According to the Michigan Department of Health and Human Services, the 2018 replacement rate in Michigan was 1.7, indicating that for every couple (2.0 persons), there are 1.7 persons being born, which is a predictor of population decline and population aging.[7] From 2010 to 2018, the average age in the United States grew by 1.0 year–from 36.9 to 37.9. Conversely, in Kalamazoo, the average age grew much more slowly over that time period by only 0.3 years–from 33.9 to 34.2.[8] When our replacement rate is below 2.0, yet our average age is growing much more slowly than national average, it is likely that the elderly population is dying or leaving the state at a higher rate.

This, coupled with state-to-state migration tends, likely suggests that the older population in Michigan is leaving the state. In 2018, Michigan lost 152,605 residents to other states (while it gained 139,276 from other states). A plurality of that loss of Michigan residents–20,852 (13.66 percent)–went to Florida.[9] While the Census Bureau does not release age distribution of those state migratory trends, nor do they release migration trends by MSA, based on historical data we can make a reasonably certain assumption that, due to our stagnated age growth relative to the United States, it is primarily retired citizens leaving Michigan for Florida. Retired citizens with the ability for mobility have a higher propensity to be educated, and thus would help explain Kalamazoo’s loss of educated population. Thus, since the loss of educated persons is likely retired persons, this would not impact our region’s educated labor force.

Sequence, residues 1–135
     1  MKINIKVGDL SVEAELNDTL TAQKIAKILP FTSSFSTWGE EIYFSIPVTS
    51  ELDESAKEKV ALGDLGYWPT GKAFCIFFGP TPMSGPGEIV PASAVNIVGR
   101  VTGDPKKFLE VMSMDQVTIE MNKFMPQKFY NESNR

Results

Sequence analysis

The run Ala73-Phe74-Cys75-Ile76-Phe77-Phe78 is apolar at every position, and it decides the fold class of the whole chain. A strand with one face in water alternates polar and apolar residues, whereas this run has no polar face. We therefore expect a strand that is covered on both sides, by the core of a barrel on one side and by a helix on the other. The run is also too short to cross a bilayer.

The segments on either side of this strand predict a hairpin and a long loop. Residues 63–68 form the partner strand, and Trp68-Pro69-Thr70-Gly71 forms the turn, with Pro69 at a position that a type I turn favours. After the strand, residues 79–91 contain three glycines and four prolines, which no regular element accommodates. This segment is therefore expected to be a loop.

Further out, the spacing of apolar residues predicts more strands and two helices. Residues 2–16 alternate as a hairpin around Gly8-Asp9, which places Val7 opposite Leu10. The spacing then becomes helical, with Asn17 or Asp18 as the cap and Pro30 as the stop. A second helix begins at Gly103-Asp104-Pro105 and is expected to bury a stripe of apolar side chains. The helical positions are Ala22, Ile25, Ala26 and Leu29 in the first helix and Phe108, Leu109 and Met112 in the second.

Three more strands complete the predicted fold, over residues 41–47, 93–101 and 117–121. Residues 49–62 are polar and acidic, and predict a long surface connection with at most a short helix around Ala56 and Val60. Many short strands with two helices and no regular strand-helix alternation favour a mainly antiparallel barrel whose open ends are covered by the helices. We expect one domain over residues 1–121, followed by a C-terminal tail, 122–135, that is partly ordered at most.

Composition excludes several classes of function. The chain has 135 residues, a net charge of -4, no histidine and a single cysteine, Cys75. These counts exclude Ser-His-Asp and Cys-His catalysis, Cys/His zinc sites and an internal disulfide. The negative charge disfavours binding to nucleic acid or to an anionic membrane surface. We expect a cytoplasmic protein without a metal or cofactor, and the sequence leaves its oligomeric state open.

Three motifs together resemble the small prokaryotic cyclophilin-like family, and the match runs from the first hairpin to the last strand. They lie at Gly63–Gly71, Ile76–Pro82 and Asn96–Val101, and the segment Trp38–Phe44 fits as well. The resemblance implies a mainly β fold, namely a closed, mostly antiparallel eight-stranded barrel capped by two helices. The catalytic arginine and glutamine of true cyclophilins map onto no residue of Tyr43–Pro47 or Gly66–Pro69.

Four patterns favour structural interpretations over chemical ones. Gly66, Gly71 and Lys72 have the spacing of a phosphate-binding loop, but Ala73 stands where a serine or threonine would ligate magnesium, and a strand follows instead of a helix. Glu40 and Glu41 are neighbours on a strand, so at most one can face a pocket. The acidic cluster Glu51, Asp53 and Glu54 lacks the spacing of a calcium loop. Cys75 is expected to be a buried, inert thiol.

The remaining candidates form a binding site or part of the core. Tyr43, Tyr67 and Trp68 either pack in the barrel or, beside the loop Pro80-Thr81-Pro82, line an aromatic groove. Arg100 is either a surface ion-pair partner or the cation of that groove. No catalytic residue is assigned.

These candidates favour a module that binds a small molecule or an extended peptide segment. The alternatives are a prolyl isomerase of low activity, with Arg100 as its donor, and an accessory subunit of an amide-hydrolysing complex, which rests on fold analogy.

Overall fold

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Sources:

[1] Chmura Analytics JobsEQ, 2Q2020

[2] Chmura Analytics JobsEQ, Census 2018

[3] Bureau of Labor Statistics, Standard Occupational Codes. Sourced.

[4] Chmura Analytics JobsEQ, Census 2018

[5] Ibid.

[6] Ibid.

[7] Michigan Department of Health and Human Services, 2018. Sourced.

[8] Chmura Analytics JobsEQ, Census 2018

[9] Census Bureau State-to-State Migration Flows, 2018. Sourced.